Investors should be aware of all mutual fund charges, especially mutual fund loads, or sales fees. A load is a sale fee that a fun charges against your investment. Funds charge loads in addition to other expenses. Loads benefit a broker, sales agent or fund’s management company and are direct expenses to the investor. The Securities and Exchange Commission limits fund companies from charging more than an 8.5 percent load.
There are three different types of loads: front-end loads, back-end loads and level loads.
Funds with front-end loads are known as Class A shares. A front-end load comes directly out of your check at the time of investment. An investment of $10,000 with a 5 percent front-end load means that only $9,500 is actually being invested.
The balance of the load is commissions paid to the registered representative, investment planner, insurance agent or other. A fund can offer front-end loads on a sliding scale, depending on the amount of the investment. Frequently, large and institutional investors get a break on the load percentage if they invest a certain amount at one time.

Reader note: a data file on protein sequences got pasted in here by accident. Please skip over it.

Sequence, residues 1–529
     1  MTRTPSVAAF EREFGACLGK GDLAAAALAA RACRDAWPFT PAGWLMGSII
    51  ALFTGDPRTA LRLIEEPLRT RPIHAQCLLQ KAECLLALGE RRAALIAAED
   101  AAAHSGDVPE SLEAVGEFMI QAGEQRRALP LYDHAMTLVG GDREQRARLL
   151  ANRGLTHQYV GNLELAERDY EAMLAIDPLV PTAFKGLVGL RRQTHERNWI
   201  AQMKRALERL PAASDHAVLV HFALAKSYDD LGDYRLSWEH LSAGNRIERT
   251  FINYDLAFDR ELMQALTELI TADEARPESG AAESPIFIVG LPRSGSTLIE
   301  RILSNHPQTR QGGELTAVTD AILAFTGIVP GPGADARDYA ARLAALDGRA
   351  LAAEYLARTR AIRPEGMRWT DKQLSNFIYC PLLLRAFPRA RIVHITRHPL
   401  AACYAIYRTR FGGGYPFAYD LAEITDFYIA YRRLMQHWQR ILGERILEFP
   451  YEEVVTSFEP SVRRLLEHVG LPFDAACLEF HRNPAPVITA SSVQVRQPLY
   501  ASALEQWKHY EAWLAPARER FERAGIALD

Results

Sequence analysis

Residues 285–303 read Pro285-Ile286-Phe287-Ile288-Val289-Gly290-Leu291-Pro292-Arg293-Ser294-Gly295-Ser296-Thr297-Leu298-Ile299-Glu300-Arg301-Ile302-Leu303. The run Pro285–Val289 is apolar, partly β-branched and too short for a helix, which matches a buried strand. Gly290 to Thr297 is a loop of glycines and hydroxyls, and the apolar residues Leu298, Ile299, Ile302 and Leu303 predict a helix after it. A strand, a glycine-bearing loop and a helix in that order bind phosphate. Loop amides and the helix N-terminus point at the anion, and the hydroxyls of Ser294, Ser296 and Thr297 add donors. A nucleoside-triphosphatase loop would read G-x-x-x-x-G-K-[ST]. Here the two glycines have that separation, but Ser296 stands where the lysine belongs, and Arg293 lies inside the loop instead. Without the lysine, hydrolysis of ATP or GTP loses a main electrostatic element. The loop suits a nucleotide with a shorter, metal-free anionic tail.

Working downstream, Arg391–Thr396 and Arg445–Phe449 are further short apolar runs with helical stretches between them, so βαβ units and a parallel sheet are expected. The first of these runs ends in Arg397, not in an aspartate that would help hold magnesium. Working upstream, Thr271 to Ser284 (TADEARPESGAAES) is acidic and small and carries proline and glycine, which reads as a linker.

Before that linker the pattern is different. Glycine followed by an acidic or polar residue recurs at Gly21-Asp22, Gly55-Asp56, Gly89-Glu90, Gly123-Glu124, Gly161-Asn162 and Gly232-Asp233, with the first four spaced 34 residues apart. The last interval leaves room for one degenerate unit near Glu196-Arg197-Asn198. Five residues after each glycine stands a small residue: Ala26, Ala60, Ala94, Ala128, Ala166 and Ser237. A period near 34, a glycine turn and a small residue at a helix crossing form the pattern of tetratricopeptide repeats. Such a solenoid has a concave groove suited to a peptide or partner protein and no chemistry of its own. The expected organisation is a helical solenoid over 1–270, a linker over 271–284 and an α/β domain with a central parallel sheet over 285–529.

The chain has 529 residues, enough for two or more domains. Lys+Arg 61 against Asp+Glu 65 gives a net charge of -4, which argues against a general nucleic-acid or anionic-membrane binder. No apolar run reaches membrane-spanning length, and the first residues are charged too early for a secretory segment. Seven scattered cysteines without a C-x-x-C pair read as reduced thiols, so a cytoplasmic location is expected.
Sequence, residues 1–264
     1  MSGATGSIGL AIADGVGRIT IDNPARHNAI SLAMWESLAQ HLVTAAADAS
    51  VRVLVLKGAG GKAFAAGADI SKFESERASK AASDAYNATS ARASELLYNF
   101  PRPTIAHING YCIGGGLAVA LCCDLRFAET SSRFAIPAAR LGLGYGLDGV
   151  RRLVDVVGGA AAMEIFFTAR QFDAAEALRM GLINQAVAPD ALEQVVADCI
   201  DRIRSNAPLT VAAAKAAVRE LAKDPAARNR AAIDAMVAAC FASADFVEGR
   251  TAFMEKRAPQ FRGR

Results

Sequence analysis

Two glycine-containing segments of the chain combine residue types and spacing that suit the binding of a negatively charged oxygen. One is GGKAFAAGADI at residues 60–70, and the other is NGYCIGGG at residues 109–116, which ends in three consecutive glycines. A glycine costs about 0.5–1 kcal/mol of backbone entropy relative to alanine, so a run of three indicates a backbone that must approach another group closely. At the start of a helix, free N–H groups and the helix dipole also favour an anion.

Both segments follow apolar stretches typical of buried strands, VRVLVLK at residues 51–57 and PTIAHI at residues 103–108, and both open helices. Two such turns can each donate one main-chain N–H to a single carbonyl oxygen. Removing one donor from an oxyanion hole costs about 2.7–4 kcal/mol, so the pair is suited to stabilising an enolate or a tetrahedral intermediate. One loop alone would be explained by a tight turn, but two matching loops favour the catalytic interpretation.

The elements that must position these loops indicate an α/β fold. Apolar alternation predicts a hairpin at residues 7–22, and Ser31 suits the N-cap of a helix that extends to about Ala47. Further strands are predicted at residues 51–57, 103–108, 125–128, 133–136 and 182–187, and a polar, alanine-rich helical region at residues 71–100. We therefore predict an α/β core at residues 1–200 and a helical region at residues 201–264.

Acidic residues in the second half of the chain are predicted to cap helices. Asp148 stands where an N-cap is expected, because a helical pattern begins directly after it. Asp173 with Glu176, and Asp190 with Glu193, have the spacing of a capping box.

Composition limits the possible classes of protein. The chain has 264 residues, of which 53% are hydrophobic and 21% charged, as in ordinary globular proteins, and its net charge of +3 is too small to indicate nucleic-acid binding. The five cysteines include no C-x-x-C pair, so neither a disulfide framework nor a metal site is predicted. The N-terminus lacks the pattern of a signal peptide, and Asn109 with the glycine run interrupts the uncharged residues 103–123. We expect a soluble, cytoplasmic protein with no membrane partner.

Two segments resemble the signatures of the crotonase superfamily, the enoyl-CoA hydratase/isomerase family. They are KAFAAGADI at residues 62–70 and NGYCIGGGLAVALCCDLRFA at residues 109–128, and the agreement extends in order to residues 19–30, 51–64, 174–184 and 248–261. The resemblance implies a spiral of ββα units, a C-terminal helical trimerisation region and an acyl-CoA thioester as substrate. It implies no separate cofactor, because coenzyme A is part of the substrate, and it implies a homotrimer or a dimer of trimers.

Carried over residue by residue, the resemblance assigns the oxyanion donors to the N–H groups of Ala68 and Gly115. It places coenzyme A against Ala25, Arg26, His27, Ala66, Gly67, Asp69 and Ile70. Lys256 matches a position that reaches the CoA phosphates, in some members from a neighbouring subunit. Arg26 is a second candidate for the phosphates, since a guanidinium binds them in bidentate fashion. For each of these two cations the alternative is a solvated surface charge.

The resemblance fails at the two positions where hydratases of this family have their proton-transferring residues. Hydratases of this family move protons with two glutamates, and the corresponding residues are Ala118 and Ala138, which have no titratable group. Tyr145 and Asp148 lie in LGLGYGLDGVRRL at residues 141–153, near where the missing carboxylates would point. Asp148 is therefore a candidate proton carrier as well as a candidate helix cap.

A back-end load may also be called a contingent deferred sales charge. It usually decreases as continue to hold the fund, zeroing out after a set number of years to reward long-term investors. Such shares are called Class B shares, and can usually be converted to Class A shares. Level-load shares are called Class C shares. These funds continue to assess a level load for as long as you own the fund. For a long-term investor, a level load can end up costing more over time than a front-end or back-end load.
About the Mutual Fund Informer
You can learn more in the How to Use the Mutual Fund Informer Guide or in the educational articles included in each issue of the Mutual Fund Informer, a new monthly mutual fund newsletter publication from ICLUBcentral that presents profiles of high-quality mutual funds with superior long-term track records. Get profiles of high-quality mutual funds at lowest subscriber rate plus sample a free issue now.